1 Peter 2:21 ‘To this you were called, because Christ suffered for you, leaving you an example that you should follow in his steps.’
We will discover, in later chapters, that the end-time church will be called to witness passionately in the face of a deepening persecution.
Revelation 1:5 ‘the first-born from the dead’…
Christ Jesus has conquered death and pioneered the way for us to enter eternal life through our relationship with him. Jesus came as the Priest, bringing the perfect sacrifice, his unblemished self, which ushered us into the forgiveness and eternal presence of God.
His crucified body was laid in the tomb but death could not hold him. The stone was rolled away and Jesus stepped out into the light.
Romans 5:21 ‘So grace might reign through righteousness to bring eternal life through Jesus Christ our Lord’.
1Corinthians 15:55 ‘Where, O death is your victory? Where O death is your sting?
We are promised that even though we might face persecution, that if we are faithful we will be blessed.
Revelation 2:10a ‘Be faithful, even to the point of death and I will give you the crown of life.’
Revelation 1:5 ‘the ruler of the kings of the earth’.
Earthly tyrants will come and go but the reign of King Jesus is eternal. At the name of Jesus every knee will bow. Jesus came as the King of kings, and every tongue will confess that he is Lord.
Philippians 2:10 ‘…that at the name of Jesus every knee should bow.’
Revelation 17:12, which we will explore much later, describes the anti-Christ beast gathering ten kings of the earth to form an alliance and march against Jerusalem. Their quest will end badly!
Revelation 17:14 ‘They will make war against the Lamb but the Lamb will overcome them because he is Lord of lords and King of kings – and with him will be his called, chosen and faithful followers.’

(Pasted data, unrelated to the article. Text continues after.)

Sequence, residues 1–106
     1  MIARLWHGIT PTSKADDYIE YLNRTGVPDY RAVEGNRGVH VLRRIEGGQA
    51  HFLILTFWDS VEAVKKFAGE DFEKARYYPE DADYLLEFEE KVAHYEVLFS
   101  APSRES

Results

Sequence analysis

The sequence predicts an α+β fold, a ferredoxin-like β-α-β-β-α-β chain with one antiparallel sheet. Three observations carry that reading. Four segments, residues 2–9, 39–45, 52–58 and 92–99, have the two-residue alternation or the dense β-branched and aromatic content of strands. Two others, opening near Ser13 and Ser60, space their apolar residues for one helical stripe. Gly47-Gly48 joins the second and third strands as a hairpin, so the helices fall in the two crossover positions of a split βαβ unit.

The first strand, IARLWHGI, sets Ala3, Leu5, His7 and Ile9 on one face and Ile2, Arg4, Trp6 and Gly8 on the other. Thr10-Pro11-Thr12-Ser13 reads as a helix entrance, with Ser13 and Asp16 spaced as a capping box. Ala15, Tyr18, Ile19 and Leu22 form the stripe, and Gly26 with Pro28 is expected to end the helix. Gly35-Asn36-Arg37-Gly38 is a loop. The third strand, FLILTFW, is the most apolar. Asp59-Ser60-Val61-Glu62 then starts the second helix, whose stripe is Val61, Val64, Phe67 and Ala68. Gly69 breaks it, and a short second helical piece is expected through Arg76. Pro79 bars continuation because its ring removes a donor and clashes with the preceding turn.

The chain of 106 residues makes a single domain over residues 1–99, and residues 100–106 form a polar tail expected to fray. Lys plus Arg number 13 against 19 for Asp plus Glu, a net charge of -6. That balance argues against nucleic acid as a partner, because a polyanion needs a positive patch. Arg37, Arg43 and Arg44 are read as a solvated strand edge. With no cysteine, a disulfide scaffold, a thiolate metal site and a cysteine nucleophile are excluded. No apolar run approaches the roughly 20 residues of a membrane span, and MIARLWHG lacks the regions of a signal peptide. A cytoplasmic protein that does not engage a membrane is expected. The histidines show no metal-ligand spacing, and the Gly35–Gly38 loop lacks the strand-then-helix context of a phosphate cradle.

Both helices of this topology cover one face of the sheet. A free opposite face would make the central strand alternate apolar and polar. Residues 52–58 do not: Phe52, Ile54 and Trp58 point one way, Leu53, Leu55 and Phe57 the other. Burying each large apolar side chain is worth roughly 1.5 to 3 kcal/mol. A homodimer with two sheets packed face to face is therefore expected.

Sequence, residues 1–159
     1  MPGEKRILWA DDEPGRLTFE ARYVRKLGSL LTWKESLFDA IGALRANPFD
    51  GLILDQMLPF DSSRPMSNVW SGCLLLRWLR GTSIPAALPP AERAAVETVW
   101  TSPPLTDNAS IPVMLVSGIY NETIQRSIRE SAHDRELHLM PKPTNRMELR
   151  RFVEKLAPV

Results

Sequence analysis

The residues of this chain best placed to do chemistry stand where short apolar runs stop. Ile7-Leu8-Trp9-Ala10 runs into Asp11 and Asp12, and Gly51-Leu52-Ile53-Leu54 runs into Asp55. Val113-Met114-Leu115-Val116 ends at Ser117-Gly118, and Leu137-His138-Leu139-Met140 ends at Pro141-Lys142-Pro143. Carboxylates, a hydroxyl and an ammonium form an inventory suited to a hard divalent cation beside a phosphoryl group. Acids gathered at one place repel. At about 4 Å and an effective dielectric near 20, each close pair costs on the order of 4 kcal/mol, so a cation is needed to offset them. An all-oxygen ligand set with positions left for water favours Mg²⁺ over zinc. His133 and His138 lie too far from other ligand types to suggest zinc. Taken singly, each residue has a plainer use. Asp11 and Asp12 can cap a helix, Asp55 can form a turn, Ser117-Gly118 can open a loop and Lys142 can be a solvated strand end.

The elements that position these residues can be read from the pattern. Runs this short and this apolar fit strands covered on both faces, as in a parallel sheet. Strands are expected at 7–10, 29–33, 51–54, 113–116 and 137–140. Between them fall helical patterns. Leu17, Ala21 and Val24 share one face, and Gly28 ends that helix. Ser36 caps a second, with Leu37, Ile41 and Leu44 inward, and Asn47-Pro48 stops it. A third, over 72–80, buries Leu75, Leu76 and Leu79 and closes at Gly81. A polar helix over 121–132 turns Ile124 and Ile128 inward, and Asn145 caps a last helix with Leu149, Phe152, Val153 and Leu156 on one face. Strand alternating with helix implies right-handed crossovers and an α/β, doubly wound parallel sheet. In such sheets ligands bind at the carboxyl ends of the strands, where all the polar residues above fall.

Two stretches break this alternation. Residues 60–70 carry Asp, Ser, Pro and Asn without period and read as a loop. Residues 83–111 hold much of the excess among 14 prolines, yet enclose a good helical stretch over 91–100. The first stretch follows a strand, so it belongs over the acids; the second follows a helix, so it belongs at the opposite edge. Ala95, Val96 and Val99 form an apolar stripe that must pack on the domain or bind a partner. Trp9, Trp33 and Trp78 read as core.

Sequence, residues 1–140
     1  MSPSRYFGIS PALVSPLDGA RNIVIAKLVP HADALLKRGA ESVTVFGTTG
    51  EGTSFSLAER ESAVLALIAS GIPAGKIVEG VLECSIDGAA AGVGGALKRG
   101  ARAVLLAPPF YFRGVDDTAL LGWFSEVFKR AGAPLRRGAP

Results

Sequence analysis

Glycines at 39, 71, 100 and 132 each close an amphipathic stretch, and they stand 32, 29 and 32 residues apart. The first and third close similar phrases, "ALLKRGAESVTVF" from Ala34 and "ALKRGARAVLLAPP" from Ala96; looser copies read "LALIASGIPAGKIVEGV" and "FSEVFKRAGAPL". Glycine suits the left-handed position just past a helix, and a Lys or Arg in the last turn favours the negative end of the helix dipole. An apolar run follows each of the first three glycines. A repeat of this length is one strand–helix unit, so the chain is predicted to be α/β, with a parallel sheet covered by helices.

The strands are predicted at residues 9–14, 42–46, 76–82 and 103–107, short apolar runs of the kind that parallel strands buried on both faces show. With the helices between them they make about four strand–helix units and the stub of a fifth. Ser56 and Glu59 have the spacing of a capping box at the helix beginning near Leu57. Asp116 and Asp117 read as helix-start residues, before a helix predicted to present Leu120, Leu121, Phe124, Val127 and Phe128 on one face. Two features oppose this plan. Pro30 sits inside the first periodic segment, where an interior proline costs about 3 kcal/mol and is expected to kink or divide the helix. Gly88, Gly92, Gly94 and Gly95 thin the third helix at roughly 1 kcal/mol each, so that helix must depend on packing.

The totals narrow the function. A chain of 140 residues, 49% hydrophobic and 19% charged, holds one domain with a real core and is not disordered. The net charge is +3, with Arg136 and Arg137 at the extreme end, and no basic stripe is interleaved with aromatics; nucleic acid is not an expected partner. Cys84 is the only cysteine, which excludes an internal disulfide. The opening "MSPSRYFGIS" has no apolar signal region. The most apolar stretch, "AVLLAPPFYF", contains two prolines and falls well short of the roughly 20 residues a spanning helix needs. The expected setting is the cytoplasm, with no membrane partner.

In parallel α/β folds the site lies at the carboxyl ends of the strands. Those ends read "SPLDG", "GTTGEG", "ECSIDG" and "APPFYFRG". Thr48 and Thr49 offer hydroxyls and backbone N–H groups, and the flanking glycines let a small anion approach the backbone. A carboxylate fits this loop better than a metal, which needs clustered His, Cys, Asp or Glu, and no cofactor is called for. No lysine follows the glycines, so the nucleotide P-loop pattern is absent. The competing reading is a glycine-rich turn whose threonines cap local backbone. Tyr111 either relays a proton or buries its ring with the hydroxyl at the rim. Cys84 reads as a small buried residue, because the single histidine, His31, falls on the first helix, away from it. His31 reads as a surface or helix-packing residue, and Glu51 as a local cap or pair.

Three further observations.
Revelation 1:5 ‘To him who loves us’…
God’s motive and purpose begins and ends with love. Before He even created the world He set about choosing us. God’s divine love sustains and prospers us. By contrast, the motive of tyrants is hatred and greed, no matter how well it may be disguised. The love of Jesus for us was so much that he suffered the death of the cross for us.
Revelation 1:5 ‘…and has freed us from our sins by his blood’.
Jesus was the unblemished sacrificial lamb. The price of sin was death but Christ has fully paid the price for us on the cross. We are now free to walk in righteousness.
Hebrews 10:14 ‘By one sacrifice he has made perfect forever those who are being made holy’.
Revelation 1:6 ‘and has made us to be a kingdom and priests’.
God has not gone to such efforts that we should sit back and twiddle our thumbs. We are called to service. As priests we bridge the gap between heaven and earth, whether we are baking cakes for our neighbours or sharing the gospel in some remote land.
The Kingdom of God is not like any earthly kingdom. It is made from living stones, a fellowship of believers who have been redeemed and whose lives have been changed forever by the love of God.
Exodus 19:6 ‘Although the whole earth is mine, you will be for me a kingdom of priests and a holy nation.’
As we go deeper into the end-times, we will be called into worship and intercession.
Isaiah 24:14 ‘They raise their voices, they shout for joy, from the West they acclaim the Lord’s majesty.’
As the darkness of this world increases, we will be called to shine ever more brightly, especially as regards worship and prayer.
The Returning King
The word used to describe the return of Christ is ‘parousia’ which simply means that Christ Jesus will come and be with us. A great word to impress your friends with!
Revelation 1:7 ‘Look, he is coming on the clouds and every eye will see him, even those who pierced him, and all the peoples of the earth will mourn because of him. So shall it be! Amen.‘
After the encouragement of the last few verses John bursts through with the declaration of Jesus’ return in power and glory.
Matthew Henry comments eloquently: ‘We should set ourselves to meditate frequently upon the second coming of Christ, and keep it in the eye of our faith and expectation.’ (5)
Revelation 1:7 ‘Look. he is coming with the clouds’
This verse speaks of the second coming or the return of Christ Jesus. Consider the Olivet Discourse found in Matthew 24:30, Mark 13:26 and Luke 21:25.
Matthew 24:30 ‘They will see the Son of Man coming on the clouds of the sky with power and great glory’.
Daniel 7:13 ‘In my vision at night I looked, and there before me was one like a son of man, coming with the clouds of heaven.’